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Copying Style. Giving Credit to Original artist

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With all this isolation I have started illustrating my children’s book.  I was searching esty for inspiration and came across one piece of art I adored.  I am going to use it as an inspiration for my entire book.  I wanted people’s opinion on how to handle it with the original illustrator.  I want to give her credit or reach out to her.  I will not be using her exact work but very much so her style. 
Thanks!
#1 - March 27, 2020, 07:44 PM

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Hi Laura.  If you are being "inspired" by an Illustrators work, that's fine, so long as it's not actual copying. But if you could put your art and her's side by side and see a marked similarity, then no.
#2 - March 28, 2020, 03:00 AM
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Thanks.  Any thoughts on reaching out to the original artist to offer some sort of compensation?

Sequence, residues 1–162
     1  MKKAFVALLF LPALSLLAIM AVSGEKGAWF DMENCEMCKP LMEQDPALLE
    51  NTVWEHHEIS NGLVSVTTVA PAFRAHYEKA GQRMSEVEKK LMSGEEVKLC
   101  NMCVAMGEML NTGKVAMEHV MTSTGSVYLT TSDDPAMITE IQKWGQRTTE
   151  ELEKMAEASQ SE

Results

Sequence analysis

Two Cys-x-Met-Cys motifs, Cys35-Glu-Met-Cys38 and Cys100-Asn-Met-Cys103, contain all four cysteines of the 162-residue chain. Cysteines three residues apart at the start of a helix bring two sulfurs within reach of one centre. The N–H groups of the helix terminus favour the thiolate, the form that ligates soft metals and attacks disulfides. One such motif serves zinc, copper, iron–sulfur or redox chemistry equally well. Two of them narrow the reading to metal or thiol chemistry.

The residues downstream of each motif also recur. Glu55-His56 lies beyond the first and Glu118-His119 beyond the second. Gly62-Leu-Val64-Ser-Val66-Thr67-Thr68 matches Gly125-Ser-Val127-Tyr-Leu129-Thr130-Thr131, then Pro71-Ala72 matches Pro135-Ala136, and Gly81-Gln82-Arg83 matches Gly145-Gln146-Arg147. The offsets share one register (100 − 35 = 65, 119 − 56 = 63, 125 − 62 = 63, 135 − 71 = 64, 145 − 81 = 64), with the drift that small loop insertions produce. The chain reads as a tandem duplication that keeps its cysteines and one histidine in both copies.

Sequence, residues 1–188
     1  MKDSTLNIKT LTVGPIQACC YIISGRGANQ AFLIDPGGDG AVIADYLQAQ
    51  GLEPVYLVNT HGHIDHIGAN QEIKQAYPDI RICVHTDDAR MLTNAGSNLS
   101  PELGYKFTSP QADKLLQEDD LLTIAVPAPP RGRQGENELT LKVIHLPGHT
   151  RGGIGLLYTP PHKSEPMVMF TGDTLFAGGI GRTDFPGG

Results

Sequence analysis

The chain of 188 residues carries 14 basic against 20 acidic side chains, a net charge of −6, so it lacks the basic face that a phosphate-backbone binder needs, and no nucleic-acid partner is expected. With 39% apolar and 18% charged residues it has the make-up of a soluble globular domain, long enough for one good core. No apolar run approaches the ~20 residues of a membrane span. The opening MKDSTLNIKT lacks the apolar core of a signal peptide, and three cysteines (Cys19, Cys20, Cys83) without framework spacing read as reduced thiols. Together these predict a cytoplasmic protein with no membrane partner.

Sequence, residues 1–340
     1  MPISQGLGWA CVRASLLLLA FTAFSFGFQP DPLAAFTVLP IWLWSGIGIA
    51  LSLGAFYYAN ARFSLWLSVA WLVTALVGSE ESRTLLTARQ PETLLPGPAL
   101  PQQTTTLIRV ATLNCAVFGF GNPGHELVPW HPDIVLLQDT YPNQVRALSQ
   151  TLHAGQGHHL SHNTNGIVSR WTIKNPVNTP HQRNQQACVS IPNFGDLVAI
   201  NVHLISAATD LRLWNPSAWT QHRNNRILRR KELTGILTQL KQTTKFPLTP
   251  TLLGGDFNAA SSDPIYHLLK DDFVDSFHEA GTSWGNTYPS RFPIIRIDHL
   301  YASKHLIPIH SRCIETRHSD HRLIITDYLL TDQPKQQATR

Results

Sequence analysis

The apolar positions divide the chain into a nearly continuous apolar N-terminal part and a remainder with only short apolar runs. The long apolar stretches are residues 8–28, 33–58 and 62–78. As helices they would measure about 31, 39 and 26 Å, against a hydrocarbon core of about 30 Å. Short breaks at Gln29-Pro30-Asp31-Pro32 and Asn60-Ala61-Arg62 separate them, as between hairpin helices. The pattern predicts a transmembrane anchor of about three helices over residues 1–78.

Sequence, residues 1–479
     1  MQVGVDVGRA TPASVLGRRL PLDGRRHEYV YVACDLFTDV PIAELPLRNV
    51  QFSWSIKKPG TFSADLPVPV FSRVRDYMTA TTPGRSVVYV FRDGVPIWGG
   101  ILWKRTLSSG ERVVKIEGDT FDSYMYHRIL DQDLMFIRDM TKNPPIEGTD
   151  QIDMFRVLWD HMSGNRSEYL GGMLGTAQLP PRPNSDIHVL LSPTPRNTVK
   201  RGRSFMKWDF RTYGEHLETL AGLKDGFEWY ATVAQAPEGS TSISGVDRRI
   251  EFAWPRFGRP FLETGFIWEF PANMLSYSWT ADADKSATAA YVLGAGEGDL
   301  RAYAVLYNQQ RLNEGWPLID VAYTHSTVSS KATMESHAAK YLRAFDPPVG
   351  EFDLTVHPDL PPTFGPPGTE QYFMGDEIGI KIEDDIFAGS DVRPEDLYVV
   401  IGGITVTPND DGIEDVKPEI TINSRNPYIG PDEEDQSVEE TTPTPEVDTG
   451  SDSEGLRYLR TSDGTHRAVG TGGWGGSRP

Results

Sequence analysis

#3 - March 28, 2020, 12:13 PM

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Hi Laura,
Unless the artist you are inspired by is selling her illustration services, artwork, etc. online, I would not reach out to her. I would do as Chris suggests and use her work as inspiration, but if you are copying characters, colors, etc., then I would just not do that.
#4 - March 28, 2020, 01:04 PM
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It's perfectly fine to create work in the style of someone else. This is how subgenres sometimes form. Think about spaghetti westerns or noir. Knives Out is in the style of Agatha Christie. Problems occur when you cross the line to copyright infringement.

Ask yourself this question: would you prefer to have that illustrator work on your book? If not, why not? What makes the work you are doing yours? Focus on those parts.

This doesn't mean you can't copy the illustration as an exercise to absorb the style more fully before you process it into something uniquely yours, just that you can't sell that copy.(Authors are told to type out picture books to get a better sense of the flow and why a book works. This would be the same.) Inspiration is not imitation, it's flattery.
#5 - March 28, 2020, 08:34 PM
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